Indiana University Students Appeal Federal Judge’s Refusal to Block Vaccine Mandate

A group of Indiana University students on Tuesday appealed a federal judge’s ruling denying their motion to put the university’s COVID vaccine mandate on hold pending the outcome of a federal lawsuit they filed last month.

A group of Indiana University (IU) students on Tuesday appealed a federal judge’s ruling denying their motion to put the university’s COVID vaccine mandate on hold pending the outcome of a federal lawsuit they filed last month.

The students also asked the district court to prevent the university from enforcing the mandate while the appeal is pending.

In a hearing on the preliminary injunction Monday, the district court found the students’ constitutional rights were at issue, but failed to acknowledge these rights were fundamental.

Judge Damon R. Leichty of the U.S. District Court for the Northern District of Indiana said he weighed individual freedom against public health concerns in his ruling.

According to the New York Times, Leichty’s ruling appeared to be the first case in which a university’s coronavirus vaccine requirement has been upheld. Yet in delivering the ruling Leichty expressed his personal misgivings, citing individual freedom and self-determination.

The Times wrote:

“Somebody could point to ‘a certain Emersonian self-reliance and self-determination as preference — an unfettered right of the individual to choose the vaccine or not,’ Judge Leichty, who was appointed by President Donald J. Trump, wrote in his ruling. But he added that judicial restraint was required to avoid ‘superimposing any personal view in the guise of constitutional interpretation.”

The university released a statement on the ruling:

“A ruling from the federal court has affirmed Indiana University’s COVID-19 vaccination plan designed for the health and well-being of our students, faculty and staff. We appreciate the quick and thorough ruling which allows us to focus on a full and safe return. We look forward to welcoming everyone to our campuses for the fall semester.”

While the lawsuit can proceed, the ruling denies a motion for an injunction on the policy for the fall semester unless the appellate court overturns the ruling.

In May, IU announced it would require all students, faculty and staff to receive COVID vaccinations before they could return to campus for the fall semester, with stringent and limited exemptions to the mandate for those with religious or medical exemptions.

Even those students granted an exemption are subject to rigorous extra requirements, regardless of why they received an exemption, The Bopp Law Firm, which is representing the plaintiffs, said in a press release.

Those who are granted an exemption have to undergo more rigorous COVID rules, including testing and mask-wearing when on campus. Masks are optional for those who are fully vaccinated, Fox 59 reported.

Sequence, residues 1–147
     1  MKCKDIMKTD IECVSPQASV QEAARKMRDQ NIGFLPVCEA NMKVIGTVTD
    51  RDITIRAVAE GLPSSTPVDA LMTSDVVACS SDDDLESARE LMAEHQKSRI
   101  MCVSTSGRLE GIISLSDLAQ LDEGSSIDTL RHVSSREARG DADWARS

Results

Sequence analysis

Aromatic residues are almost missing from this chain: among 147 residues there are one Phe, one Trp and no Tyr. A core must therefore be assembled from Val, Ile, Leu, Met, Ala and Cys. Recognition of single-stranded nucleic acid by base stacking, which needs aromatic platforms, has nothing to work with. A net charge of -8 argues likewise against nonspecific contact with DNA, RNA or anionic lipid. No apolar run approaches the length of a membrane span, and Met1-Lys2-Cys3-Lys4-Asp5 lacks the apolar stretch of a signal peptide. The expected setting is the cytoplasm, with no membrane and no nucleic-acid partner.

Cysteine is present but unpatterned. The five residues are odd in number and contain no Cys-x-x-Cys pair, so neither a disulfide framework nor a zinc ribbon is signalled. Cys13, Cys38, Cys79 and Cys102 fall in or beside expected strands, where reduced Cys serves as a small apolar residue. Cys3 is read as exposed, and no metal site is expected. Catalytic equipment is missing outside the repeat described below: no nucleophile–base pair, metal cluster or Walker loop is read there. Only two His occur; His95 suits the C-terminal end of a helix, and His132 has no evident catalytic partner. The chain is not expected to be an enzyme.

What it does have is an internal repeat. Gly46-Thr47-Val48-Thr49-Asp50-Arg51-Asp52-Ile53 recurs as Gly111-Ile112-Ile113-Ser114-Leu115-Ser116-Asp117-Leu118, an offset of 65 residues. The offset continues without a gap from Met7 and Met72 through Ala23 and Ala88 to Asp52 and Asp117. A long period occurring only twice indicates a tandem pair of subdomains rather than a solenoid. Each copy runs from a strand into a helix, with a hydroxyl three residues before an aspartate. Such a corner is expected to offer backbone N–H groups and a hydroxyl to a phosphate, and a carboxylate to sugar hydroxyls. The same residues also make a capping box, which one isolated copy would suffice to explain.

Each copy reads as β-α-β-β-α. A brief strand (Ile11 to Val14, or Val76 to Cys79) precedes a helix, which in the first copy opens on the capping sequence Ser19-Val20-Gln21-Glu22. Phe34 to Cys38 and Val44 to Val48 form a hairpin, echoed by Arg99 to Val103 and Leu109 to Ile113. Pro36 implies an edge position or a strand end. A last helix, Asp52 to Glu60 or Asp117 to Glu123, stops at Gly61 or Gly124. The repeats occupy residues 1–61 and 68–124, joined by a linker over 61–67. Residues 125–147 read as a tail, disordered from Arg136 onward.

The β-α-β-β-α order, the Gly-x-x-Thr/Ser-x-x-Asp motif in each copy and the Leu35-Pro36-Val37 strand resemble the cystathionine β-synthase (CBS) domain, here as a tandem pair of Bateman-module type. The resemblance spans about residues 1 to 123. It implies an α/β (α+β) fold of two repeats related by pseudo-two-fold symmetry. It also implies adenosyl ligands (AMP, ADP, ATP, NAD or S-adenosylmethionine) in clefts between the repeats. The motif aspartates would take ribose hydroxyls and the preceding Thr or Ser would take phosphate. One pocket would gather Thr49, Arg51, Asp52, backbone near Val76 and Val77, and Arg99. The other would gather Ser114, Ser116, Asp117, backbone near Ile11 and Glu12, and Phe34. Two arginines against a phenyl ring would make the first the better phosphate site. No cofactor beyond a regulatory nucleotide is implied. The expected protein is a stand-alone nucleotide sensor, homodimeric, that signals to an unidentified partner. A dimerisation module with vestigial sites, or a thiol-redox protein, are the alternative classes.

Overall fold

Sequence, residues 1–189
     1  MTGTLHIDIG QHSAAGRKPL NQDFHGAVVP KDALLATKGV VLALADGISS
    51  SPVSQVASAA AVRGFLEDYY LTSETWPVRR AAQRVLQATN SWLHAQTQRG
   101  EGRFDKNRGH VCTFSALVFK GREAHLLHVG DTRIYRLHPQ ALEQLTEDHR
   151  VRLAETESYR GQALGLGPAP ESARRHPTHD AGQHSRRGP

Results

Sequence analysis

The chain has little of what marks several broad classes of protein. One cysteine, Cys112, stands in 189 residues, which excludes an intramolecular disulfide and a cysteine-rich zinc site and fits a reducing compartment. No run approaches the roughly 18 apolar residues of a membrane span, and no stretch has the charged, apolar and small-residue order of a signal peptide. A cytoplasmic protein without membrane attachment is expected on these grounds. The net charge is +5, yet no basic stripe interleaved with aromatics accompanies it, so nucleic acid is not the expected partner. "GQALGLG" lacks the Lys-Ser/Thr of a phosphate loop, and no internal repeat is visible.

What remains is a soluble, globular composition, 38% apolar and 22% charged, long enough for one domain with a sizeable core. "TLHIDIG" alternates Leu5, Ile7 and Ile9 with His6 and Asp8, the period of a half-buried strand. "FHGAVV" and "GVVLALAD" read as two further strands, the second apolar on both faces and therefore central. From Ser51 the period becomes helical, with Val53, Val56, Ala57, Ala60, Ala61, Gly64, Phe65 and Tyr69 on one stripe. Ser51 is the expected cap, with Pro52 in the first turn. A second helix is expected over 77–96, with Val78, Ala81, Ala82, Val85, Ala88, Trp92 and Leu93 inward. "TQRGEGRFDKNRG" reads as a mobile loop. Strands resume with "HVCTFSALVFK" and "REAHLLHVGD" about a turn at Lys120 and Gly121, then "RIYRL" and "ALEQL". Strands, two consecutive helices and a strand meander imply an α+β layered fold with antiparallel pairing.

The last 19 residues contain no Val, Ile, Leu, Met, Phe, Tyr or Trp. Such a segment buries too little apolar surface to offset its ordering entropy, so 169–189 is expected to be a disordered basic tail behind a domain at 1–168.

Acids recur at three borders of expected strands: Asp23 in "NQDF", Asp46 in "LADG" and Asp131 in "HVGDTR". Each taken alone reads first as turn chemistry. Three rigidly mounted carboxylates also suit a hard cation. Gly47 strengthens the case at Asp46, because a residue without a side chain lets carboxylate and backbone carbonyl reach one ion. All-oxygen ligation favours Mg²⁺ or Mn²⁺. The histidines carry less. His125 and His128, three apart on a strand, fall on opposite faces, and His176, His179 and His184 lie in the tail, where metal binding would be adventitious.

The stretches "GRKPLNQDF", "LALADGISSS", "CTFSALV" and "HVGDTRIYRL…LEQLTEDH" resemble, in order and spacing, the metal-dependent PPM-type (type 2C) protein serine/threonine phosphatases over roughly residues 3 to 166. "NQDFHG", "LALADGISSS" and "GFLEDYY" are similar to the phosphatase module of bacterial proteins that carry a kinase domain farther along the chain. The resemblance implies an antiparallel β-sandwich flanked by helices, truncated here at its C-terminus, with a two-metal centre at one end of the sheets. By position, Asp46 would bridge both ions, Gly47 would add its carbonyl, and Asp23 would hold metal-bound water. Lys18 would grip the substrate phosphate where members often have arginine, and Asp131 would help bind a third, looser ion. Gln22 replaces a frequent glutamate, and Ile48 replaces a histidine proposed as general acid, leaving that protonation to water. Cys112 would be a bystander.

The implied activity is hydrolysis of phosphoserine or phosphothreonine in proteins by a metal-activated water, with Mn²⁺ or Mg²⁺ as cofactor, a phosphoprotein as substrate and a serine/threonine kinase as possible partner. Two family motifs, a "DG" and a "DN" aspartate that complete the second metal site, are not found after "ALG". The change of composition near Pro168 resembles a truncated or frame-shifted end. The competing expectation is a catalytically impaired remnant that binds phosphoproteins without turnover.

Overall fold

The policy was controversial right out of the gate, with some Indiana lawmakers urging Gov. Eric Holcomb to rescind it. Attorney General Todd Rokita said last month the policy “clearly runs afoul” to state law.

After Rokita’s announcement the school changed the policy from requiring students to upload documentation of their vaccine status to having to fill out an online form, but did not revoke the vaccine mandate.

The eight student plaintiffs who filed the lawsuit against the mandate include two incoming freshmen, two incoming sophomores, a senior, an incoming first-year law student, a student pursuing a master’s degree in business administration and a doctoral candidate, CNN reported.

Six of the students have received exemptions based on religious beliefs. The other two don’t qualify for exemptions, the lawsuit says. Several of the plaintiffs also object to mask requirements and other measures for unvaccinated students.

James Bopp Jr., lead counsel for the plaintiffs told CNN:

“They’re suing because they’re being stripped of their constitutional rights to make medical treatment decisions for themselves and to protect their own bodily integrity. After all, they are adults and they would like to weigh the risks and consequences of taking the vaccination or getting COVID.”

The Bopp Law Firm filed the lawsuit on behalf of IU students in the U.S. District Court in Indiana challenging IU’s mandate to preserve the students’ rights to bodily integrity and autonomy, due process and the right to consent to medical treatment.

The students sought a temporary injunction to stop the mandate from going into effect, and asked the school to make public documents, which IU has so far kept secret, revealing why IU mandated COVID vaccinations for all IU students, and how COVID infections and vaccinations have affected the university.

Bopp’s team submitted a public records request to IU asking for the same documents, but no documents have been released.